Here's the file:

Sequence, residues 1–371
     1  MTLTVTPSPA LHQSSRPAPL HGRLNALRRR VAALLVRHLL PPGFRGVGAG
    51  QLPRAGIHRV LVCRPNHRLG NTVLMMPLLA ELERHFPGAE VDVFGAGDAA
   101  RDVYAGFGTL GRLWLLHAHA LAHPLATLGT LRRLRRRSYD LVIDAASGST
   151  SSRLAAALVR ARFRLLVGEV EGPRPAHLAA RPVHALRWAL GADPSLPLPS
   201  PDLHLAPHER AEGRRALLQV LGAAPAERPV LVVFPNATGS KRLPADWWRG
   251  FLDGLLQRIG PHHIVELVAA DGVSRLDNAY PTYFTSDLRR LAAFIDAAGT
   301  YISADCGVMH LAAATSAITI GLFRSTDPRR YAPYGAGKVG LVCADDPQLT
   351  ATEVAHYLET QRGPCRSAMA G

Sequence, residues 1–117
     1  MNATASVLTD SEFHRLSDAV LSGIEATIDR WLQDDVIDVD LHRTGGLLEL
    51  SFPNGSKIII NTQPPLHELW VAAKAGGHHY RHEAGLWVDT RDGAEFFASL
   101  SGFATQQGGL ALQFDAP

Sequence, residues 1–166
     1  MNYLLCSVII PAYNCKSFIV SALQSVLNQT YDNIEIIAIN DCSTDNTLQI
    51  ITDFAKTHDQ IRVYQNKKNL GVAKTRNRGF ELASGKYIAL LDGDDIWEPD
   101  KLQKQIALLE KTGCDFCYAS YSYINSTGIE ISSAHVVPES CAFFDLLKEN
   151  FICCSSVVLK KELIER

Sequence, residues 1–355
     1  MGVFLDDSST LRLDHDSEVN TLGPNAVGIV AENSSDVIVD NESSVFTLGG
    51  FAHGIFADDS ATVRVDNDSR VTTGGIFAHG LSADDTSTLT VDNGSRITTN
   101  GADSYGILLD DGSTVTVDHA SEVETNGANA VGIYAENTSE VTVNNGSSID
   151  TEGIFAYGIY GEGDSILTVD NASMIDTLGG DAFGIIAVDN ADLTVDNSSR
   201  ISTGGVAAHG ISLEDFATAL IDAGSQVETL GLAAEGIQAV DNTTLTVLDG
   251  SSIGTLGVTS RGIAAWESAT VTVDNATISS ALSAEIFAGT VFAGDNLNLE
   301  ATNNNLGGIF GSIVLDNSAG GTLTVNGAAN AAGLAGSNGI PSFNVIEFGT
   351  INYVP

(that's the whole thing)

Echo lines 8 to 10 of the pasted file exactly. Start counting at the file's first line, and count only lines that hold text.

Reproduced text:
   301  YISADCGVMH LAAATSAITI GLFRSTDPRR YAPYGAGKVG LVCADDPQLT
   351  ATEVAHYLET QRGPCRSAMA G

Sequence, residues 1–117